Yes. In fact, when I start culturing the milk as part of the cheesemaking process, my dad is still milking and the warm milk from those cows is gently flowing into the cheese vat…you can’t get any fresher than that! Using fresh raw milk, still warm from the cow is a very traditional practice that is very rare nowadays and only possible on a Farmstead operation. Legally, all raw milk cheeses have to be aged a minimum of 60 days, whereas most of our raw milk cheeses are aged well beyond the minimum requirement. On occasion I will make some fresh cheeses which are meant to be consumed quickly and the milk for those cheeses legally need to be pasteurized. If/when I pasteurize milk for fresh cheeses, the milk is heated slowly and gently using the vat pasteurization technique.

Technically there is no such thing as raw yogurt. Although it is true that my vat is receiving fresh raw milk, still warm from the cow as it flows gently from the milking parlor next door while my dad is milking – part of the yogurt making process is to additionally heat that milk as a strategy to change the structure of the whey proteins, which later aids in that wonderful yogurt texture. After the initial heat treatment, the milk temperature is reduced, the milk cultured, and incubated overnight until the proper pH and texture is achieved. My ability to start the process with fresh raw milk, still warm from the cow, that has never been cooled, stored, and then re-heated not only contributes to the quality of the yogurt – but also saves energy!

A Swiss style yogurt is a stirred yogurt, originally conceived as a strategy to stir in fruit and/or sweet flavors. I, however, make a very traditional all-natural yogurt. There are no sugars, no stabilizers, no thickeners or whey protein concentrates added. The only ingredients are unhomogenized whole milk and 4 different strains of lactic acid bacteria… that’s it! Most yogurts are cultured and incubated at 110-115 F and take 4-6 hours to “set”. I use a much lower temperature (well below 100 F) and a longer incubation time of 12+ hours. This results in a more stable yogurt that doesn’t require the thickeners and with a texture that is much more delicate and supple. The yogurt is made fresh weekly in the vat, incubated overnight, and when the pH and texture is just right the yogurt is stirred and bottled using a gravity filler and then cooled quickly. The above-mentioned techniques also help to favor the high numbers of probiotic bacterial strains – namely the L. acidophilus and Bifidobacterium lactis species.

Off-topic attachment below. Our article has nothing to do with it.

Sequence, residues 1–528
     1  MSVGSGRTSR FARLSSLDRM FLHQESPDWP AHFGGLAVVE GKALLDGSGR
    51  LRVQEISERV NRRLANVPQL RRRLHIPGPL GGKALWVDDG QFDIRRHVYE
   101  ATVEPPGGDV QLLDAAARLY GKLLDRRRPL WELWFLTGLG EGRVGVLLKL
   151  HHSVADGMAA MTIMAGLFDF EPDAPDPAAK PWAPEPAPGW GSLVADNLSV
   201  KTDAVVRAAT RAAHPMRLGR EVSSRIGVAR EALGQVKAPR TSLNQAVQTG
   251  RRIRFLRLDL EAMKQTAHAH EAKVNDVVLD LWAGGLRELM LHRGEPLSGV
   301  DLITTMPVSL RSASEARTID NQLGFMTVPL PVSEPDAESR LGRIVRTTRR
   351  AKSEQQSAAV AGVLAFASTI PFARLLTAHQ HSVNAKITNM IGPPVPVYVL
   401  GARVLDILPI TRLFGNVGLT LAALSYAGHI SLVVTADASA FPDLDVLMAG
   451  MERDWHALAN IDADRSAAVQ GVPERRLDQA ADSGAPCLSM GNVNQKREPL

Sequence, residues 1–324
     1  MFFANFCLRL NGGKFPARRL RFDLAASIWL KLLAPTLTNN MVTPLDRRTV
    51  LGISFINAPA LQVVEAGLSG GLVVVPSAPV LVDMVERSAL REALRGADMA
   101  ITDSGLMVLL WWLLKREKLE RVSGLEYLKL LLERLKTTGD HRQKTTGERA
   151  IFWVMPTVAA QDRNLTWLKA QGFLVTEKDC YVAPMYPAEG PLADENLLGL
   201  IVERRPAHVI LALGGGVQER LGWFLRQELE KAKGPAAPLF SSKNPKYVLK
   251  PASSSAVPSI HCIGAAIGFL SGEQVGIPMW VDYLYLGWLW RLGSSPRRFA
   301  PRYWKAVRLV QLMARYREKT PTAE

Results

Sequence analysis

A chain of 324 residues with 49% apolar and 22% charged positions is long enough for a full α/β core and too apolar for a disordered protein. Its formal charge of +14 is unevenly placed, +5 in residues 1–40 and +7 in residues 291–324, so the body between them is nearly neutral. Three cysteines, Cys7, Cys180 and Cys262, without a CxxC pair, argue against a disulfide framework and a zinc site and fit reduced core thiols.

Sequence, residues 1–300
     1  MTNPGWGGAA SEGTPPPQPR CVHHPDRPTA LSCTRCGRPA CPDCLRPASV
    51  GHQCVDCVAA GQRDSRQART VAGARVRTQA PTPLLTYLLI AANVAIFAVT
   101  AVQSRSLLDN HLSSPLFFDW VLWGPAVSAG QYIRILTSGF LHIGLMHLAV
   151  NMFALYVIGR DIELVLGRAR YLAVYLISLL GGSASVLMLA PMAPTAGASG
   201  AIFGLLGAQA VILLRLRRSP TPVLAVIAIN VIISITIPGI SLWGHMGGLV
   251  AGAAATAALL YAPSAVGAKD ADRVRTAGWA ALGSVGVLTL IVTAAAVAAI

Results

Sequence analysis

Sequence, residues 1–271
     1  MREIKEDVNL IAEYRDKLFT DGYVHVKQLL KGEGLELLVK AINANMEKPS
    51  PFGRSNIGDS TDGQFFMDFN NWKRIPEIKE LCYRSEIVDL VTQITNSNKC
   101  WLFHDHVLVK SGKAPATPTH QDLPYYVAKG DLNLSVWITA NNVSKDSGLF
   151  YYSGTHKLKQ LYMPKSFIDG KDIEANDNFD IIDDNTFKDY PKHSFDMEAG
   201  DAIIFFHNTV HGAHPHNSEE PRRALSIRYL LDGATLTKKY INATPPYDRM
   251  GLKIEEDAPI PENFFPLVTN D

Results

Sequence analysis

Mostly A2. We have not tested individual cows; however, since 2013 we have only used bulls (for breeding purposes) that have the A2/A2 genotype. The bulls, therefore, only pass their A2 genetics on to their daughters – which at about 2 years of age will be our next freshman class of milking cows. Our milking herd is therefore predominantly A2/A2, if not already producing 100% A2 milk.

Almost never, and less and less every year. Generally speaking, dairy cows grow horns and the young animals are de-budded once to keep the horns from growing. This is standard practice as a safety precaution for both the animals and the people that work amongst them. Over the last few years we have been able to find bulls (for breeding purposes) that are naturally polled, which means they do not grow horns. We have been able to trend towards a predominantly polled herd of cattle by selecting for breeding bulls that carry this trait. The result is a diminishing need to de-bud young animals and eventually avoiding that procedure altogether. In regards to branding; we no longer find a need to engage in this practice.

No, not at the moment; however, these are two things we are diligently working towards. We are very proud of our family farmstead operation and would love to showcase our innovative approach to dairy production, but first we must build the infrastructure that would allow for this – parking, bathrooms, storefront, safety measures, etc. Stay tuned, and thanks for the interest!